That’s a tough question. I like different places for different reasons and moods. For fading urban beauty and melancholy, Havana and Lisbon. For the sound of crickets at midday, the smell of lavender and sea salt, the islands of Croatia - I’ll selfishly keep the names of my favorites. :) For tuning out of the world and encounters with fascinating people, the beach community in Uruguay that I mention above. For the most beautiful night skies, the Altiplano of Bolivia. For tango and best evening breezes, Buenos Aires. I also loved Phnom Penh, Porto, Dominica... And I’m still in awe of New York, my base since 1999, even though it’s a love and hate kind of relationship.

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Tuesday, March 11, 2008

Travel Blog of the Week...Lives of Wander.

When you can’t get up and go, then the next best thing is to live through another person’s travels. That’s what I’m doing at the moment.

How?

By following Theresa and Jeff as they plan their year on the road.

Start reading Lives of Wander from the beginning and you’ll get to know them too. They haven’t quite hit the road yet. They head out in the summer. Right now the blog is all about the planning, ranging from what backpack to take to asking the readers where they should go and how they should travel when they get there (you even get to vote).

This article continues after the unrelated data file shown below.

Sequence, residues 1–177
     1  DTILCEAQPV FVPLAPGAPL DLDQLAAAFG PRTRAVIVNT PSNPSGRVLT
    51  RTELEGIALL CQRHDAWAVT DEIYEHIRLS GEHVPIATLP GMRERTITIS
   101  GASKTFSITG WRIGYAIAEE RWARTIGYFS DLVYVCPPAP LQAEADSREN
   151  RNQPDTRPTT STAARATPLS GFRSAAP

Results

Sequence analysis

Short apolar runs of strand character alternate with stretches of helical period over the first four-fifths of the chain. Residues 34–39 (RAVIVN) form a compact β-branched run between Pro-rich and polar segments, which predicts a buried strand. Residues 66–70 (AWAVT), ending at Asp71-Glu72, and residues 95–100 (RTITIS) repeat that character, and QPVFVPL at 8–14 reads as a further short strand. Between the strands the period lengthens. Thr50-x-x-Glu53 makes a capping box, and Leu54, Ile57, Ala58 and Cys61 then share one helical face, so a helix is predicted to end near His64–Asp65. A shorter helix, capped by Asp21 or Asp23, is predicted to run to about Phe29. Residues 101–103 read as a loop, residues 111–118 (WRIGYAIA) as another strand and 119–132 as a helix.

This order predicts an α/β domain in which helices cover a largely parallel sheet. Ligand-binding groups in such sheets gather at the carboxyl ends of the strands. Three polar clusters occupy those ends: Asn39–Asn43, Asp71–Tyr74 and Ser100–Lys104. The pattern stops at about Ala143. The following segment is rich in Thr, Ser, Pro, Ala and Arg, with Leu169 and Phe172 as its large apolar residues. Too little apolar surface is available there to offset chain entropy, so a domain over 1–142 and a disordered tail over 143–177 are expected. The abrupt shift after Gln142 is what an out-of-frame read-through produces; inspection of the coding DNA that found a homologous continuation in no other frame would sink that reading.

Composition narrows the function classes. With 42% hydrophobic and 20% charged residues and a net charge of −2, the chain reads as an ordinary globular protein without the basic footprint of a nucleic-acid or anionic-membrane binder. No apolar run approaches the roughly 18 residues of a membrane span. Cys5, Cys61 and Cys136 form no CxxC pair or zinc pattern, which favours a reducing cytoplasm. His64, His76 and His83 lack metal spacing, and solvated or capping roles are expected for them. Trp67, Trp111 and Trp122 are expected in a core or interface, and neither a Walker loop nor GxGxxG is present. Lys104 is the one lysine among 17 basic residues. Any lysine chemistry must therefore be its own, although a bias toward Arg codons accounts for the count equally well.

So while I’m home bound I’ll be (cyber) traveling with Theresa and Jeff. Can’t wait to see where we go…

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Monday, March 10, 2008

Write to Travel nominated for Blogger's Choice Award...

Thanks to Traveldiva, Write to Travel has been nominated for a Blogger's Choice Award.

My site was nominated for Best Education Blog!

So if you think that Write to Travel is worthy of the award, go ahead and click on the logo. It will take you to the place where you can cast your vote.

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Sunday, March 09, 2008

Travel Rants is looking for a Travel Blogger...

Travel Rants, one of the UK’s most popular travel blogs, is looking for a...

"...travel blogger who can write about travel consumer issues and news, twice a week to take off some of my (Darren Cronian's) workload on writing so that I can spend more time networking and promoting the blog."

Darren is looking for 1 in-depth blog post (approx 400 - 500 words) and 1 short blog post (approx 200 words)...rate to be discussed this with interested bloggers. Payment will be made weekly via PayPal.

Further info on position and how to apply can be found at Performancing.com or at Travel Rants)

Don't forget to let us know how you get on if you apply...

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Travel Writing Course in Spain…

Award winning Travel Writer Daniel Scott is teaching a four day ‘Introduction to Travel Writing’ course in Alpujarra, Spain from 18-23 May 2008.